Defendant also asserts that the Defendant was not permitted to leave, but the Court finds no support for this assertion. The record reflects no request by Defendant to leave during this initial interview, nor any refusal to permit her to leave. To the contrary, Defendant twice requested to take a polygraph examination, which had the effect of extending the interaction. While Defendant did express concern to Detective McFarland about not being at work, she did not request to leave, and she agreed with to Detective McFarland's suggestion that he contact her employer. Again, she did not request to leave or to terminate the interview. As such, no Miranda warnings were required.

This conclusion does not change due to either Defendant's medication needs or her lack of sleep. While Defendant had apparently worked a double shift prior to coming to the station, she did not suggest she was too tired to continue, and was told she could terminate the interview at any time. Indeed, as stated above, the interview session was extended in length by the polygraph examination at Defendant's own request. In the polygraph video, which began several hours after the interviews started, Defendant appeared alert and engaged. And while Defendant had not taken her Celexa that morning, which was first prescribed for her after her son's death, it appears she had missed only the single dose. Defendant has presented no evidence whatsoever to suggest delaying a single dose for half a day would have any deleterious impact on Defendant's state of mind. When questioned about any medications she took, she responded very matter-of-factly about the fact that she was taking Celexa, but had not taken her dose that morning, never suggesting by her statements or her manner that it had any impact on her emotional state that day.

The Court also agrees with the Magistrate Judge's careful and thorough analysis of the interview sessions overall, as well as the Magistrate Judge's conclusions that Defendant knowingly and voluntarily waived her rights, and that her statements to the officers were voluntary. Although the time period from beginning to end was lengthy, there were many breaks in the interview sessions, Defendant was offered cigarettes, snacks and drinks, and the opportunity to use the restroom, and was repeatedly advised of her rights and of her ability to terminate the interview.

The gravamen of Defendant's objections relate to the polygraph exam and, in particular, the criticism of that exam expressed by Defendant's polygraph expert at the state trial, David C. Raskin, Ph.D.[2] Defendant contends that the polygraph exam was conducted in an improper and coercive manner. Further, Defendant argues that (i) Det. Schunzel misrepresented to Defendant that she had failed the polygraph exam when, in Raskin's opinion, Defendant had in fact passed the exam; (ii) that Det. Schunzel misrepresented the results, all as part of a ruse to extract a confession; and (iii) that this misrepresentation in the context of the entire questioning, including the polygraph exam and interviews by Schunzel, rendered Defendant's confessions involuntary. Based on the record, the Court disagrees.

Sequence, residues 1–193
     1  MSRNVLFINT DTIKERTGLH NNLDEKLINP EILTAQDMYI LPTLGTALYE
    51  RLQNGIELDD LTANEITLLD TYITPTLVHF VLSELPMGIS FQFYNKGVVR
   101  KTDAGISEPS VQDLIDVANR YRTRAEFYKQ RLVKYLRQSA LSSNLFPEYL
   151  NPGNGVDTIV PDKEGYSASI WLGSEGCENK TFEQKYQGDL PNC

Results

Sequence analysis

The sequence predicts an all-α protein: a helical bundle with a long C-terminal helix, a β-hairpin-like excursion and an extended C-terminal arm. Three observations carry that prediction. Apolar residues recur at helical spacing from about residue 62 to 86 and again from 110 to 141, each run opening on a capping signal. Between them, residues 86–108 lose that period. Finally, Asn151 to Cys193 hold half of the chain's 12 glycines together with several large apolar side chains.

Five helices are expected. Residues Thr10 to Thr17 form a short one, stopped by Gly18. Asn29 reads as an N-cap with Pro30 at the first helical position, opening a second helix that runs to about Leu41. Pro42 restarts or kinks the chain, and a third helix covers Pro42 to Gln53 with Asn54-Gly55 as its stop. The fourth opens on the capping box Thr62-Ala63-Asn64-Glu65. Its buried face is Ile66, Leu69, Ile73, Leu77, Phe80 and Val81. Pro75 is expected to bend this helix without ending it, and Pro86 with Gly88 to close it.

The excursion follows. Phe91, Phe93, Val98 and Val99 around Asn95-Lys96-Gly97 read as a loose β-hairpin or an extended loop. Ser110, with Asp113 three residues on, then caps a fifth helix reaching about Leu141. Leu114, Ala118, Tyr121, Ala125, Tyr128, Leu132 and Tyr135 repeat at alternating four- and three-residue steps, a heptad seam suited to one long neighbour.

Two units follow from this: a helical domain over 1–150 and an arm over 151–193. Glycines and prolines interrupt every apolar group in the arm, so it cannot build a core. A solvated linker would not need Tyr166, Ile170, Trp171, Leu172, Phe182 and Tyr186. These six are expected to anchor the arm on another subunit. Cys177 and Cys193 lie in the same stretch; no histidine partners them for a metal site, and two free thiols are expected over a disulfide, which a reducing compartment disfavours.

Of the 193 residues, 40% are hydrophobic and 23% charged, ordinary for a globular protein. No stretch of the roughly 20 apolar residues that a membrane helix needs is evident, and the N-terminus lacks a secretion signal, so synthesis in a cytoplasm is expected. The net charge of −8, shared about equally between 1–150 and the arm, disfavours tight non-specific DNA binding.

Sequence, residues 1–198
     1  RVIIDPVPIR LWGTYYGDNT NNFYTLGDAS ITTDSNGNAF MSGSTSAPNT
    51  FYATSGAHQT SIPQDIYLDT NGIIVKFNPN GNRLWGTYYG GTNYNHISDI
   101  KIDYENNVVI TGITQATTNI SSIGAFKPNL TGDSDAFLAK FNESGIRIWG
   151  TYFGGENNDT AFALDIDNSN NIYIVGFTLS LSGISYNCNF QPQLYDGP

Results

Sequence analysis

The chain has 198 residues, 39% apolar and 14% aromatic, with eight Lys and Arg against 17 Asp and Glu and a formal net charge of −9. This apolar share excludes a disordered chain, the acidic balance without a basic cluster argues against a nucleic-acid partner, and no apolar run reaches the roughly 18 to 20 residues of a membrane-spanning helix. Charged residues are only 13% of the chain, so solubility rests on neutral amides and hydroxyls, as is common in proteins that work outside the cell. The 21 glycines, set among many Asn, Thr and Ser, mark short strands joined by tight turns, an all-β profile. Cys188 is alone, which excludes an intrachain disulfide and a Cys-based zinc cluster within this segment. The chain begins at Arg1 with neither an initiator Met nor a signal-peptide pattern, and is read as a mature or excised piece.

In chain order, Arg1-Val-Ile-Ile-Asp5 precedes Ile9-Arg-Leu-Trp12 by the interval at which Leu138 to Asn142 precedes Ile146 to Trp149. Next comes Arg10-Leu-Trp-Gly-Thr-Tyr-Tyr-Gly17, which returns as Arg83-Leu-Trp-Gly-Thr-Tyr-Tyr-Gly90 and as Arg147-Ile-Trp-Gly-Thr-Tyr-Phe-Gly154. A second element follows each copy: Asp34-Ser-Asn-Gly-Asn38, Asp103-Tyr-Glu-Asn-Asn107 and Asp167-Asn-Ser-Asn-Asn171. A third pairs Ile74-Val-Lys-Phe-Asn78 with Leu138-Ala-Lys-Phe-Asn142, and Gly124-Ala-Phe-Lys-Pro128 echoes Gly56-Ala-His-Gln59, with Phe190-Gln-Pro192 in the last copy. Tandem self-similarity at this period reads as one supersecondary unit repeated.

First, the record does not support Defendant's assertion that Defendant "passed" the polygraph exam. To the contrary, even Defendant's own expert, Raskin, acknowledged based upon his own numerical scoring, that while the results to the relevant questions clearly were not "deceptive, " nor did they qualify as truthful. He testified that Defendant's results were "in the direction of a truthful result, but not a strong truthful result." (Raskin Tr. at 1060.) And the computerized polyscore - yet another method of scoring - classified the responses as "inconclusive, " though with a low percentage of being deceptive. Id. at 1086.

Nor does the Court find that Schunzel misrepresented the facts as part of a ruse to extract a confession. Schunzel was a trained and certified polygraph examiner, with many years of experience, who apparently used a process similar to a global scoring method. Schunzel visually examined Defendant's responses to the control questions and the relevant questions, and found that Defendant had a greater reaction to two of the relevant questions than to the control questions. (Schunzel Tr. at 11-2, 16.) He believed that other examiners would agree with his conclusion. Id. at 31. While Raskin was critical of Schunzel's methodology and the scoring method used by him, there is nothing to suggest that Schunzel did not in fact believe that Defendant had answered relevant questions 5 and 10 untruthfully. And Schunzel's testimony that it was unnecessary to have anyone else examine the results in light of Defendant's confession does not suggest any impropriety. Assuming that one would routinely have another examiner review the results, it is both plausible and reasonable that no such steps would be taken following a subject's confession.